Review: “The ordinary hero” by Tim Chester


The Ordinary Hero: Living the cross and resurrection
Tim Chester
Inter-Varsity Press, Leicester, 2009, 224pp.

When asked to review The Ordinary Hero, I imagined an inspiring biography—a tale of bravery or of remarkable achievement by someone like you and me. I was mostly wrong. This is not a biography; it proclaims the meaning of the cross and resurrection for our lives. It’s a tale of bravery, but not in the third person; it’s about you and me. It calls on us all to “live the cross and resurrection” (p. 12). For Tim Chester, this is what an ‘ordinary hero’ does, and he challenges those who claim to be Christian to live out the implications of that claim. I found his book challenging and insightful in its application of the events of the cross to our lives. (more…)

The unhelpful solitude of preaching

Pastoral Ministry

The practice of preaching is a lonely and solitary one. A certain amount of solitude is necessary for study and creativity. But for most of us, preaching has become a strikingly individual and secluded exercise. (more…)

How to avoid persecution (according to Screwtape)


Our subject today, my novice fiends, is ‘How to help the Enemy’s urchins avoid persecution and suffering’. Now, hush your maggoty howls and listen to your Uncle Screwtape! Our Father didn’t promote me to Professor of Persecution for nothing, so listen and learn. (more…)

Evangelizing Muslims

Everyday Ministry

I was on the train the other day when I heard a man chanting in Arabic. I thought he must be Muslim, so after a few minutes of building up my courage, I went and said hello. Fortunately for me, he was keen to talk. But what was I going to say to him?

A layperson’s guide to giving up your life

Everyday Ministry

What does it mean to do ministry but not be in ministry? How can you stay focused on ministry as a goal when it’s not your full-time profession? Karen Beilharz tells her story, and how she came to answer some of these questions.

Have you ever felt like you’re headed in a certain direction and then the door you’re poised to walk through suddenly slams in your face? That’s how I felt at the end of 2004. I had just completed a two-year part-time ministry apprenticeship with the Christian group at the University of Wollongong alongside my husband, Ben. Although the time I had spent working with students and children had been encouraging and eye-opening, it had also been draining and often discouraging. During the apprenticeship, I had led and co-led Bible study groups and training courses, I had organized a women’s retreat, I had discipled girls, I had taught and coordinated Sunday school, and I had given my first evangelistic talk to an audience of 60 women (none of whom became Christian). But as it ended, I realized that working in people ministry was not something I could sustain full-time. (more…)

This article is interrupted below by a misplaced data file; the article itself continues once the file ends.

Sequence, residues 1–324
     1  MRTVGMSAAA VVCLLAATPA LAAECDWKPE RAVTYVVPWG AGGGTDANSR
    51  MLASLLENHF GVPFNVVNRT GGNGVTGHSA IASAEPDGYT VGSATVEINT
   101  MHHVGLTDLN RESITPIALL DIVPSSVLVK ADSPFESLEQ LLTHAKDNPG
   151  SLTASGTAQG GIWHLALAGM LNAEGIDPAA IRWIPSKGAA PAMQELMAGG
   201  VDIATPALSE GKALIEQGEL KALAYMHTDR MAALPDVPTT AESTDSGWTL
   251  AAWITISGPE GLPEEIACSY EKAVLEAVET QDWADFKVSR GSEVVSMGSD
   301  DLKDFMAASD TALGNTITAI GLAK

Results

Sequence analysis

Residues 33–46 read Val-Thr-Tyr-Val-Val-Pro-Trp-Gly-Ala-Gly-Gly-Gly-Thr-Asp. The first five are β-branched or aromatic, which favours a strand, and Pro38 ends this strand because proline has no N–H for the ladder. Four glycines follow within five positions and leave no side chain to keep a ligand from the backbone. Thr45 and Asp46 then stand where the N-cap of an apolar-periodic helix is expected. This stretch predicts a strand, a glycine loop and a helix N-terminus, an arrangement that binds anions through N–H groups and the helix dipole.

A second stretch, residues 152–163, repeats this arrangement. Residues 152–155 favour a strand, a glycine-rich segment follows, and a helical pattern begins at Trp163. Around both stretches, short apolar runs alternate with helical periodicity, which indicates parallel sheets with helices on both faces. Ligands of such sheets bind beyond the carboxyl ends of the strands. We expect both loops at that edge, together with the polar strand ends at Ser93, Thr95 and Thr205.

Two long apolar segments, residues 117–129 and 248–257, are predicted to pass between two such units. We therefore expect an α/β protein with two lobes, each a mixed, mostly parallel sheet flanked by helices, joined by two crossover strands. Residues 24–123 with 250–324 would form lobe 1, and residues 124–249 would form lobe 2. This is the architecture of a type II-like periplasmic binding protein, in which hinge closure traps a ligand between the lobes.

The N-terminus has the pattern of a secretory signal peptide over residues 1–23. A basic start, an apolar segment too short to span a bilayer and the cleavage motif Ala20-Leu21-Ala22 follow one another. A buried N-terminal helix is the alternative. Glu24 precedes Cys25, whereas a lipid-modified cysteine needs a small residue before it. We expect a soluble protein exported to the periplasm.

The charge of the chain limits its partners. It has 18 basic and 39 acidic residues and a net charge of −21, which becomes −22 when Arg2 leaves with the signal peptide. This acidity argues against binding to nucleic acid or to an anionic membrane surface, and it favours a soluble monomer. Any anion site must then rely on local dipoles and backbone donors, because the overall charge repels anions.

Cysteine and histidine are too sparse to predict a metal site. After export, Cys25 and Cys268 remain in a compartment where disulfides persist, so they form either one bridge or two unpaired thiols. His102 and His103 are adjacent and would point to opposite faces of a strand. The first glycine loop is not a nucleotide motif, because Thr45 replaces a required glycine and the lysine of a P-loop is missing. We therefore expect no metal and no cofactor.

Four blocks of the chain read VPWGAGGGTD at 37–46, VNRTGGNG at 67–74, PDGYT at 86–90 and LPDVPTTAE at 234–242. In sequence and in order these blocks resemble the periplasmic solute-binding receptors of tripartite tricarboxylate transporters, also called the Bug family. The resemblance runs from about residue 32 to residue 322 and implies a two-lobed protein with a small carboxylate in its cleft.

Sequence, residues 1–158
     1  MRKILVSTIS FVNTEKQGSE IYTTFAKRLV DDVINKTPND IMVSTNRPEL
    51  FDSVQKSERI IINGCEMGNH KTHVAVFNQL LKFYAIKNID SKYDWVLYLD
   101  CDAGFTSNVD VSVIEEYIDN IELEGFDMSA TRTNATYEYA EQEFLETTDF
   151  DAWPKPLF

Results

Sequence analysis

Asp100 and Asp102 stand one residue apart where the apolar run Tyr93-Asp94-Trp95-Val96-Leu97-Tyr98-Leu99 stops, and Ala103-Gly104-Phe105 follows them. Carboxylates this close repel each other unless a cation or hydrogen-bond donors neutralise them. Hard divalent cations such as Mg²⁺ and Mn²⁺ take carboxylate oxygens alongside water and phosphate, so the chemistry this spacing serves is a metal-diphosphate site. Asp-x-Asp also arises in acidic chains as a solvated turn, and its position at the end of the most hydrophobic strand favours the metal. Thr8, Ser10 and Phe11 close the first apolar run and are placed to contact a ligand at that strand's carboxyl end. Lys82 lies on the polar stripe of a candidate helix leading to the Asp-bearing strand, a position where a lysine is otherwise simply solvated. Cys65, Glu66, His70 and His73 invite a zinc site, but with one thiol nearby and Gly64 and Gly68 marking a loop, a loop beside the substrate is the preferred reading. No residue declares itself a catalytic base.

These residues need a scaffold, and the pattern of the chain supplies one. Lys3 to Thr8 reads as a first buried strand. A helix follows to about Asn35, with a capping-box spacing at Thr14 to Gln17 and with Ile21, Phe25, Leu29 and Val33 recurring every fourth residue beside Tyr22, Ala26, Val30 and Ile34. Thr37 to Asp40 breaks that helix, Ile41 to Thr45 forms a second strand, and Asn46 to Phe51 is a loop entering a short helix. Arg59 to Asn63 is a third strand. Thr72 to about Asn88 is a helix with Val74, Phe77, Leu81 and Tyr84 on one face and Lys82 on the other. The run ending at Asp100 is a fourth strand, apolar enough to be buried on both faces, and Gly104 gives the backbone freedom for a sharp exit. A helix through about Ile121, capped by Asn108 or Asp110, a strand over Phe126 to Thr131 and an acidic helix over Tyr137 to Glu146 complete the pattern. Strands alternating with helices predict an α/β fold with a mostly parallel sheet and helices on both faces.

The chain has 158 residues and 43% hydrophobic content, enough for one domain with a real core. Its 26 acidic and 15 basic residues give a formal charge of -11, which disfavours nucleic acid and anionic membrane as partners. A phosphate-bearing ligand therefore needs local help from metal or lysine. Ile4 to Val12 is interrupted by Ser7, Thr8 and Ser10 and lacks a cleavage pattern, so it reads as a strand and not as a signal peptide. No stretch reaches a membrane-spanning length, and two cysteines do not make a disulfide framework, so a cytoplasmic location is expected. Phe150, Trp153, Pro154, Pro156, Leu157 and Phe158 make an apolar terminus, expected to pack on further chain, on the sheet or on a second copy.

Diary of a ministry apprentice (Part 4): June-July 2008

Pastoral Ministry

This is the fourth instalment of a six-part series by Guan, who is the kind of person who is difficult to describe in one sentence. He is married to the singular M1 and, by this episode, has done ministry training (MTS) at the University of New South Wales for about six months. In the previous instalment, he and the other apprentices, in the midst of coping with the stress of starting out in ministry, learned that Paul ‘Grimmo’ Grimmond, the university pastor, is leaving. In addition, it’s almost time for Mid-Year Conference (MYC), the big student camp in the middle of the year. But first, holidays. (more…)

Thanks for everything

Resource Talk, Sola Panel

It was more than your average laid-back, phlegmatic Aussie could take: for about the 47th time in one day, an American pastor with a warm smile was shaking my hand and thanking me so much for the work I was doing and the valuable contribution Matthias Media was making to their ministry.


Unravelling manuscript truth


We do not have an original copy of the New Testament. The New Testaments we read are translations of the Greek New Testament, which is itself an edited text compiled from several thousand manuscripts that have survived from ancient times. There is nothing at all abnormal about this. Still less is it insidious, suspicious, or grounds for uncertainty about the Christian message. It is, in fact, exactly what you would expect from an ancient text. In addition, the fact that such a large number of manuscripts lie behind the Greek New Testament is a very good thing.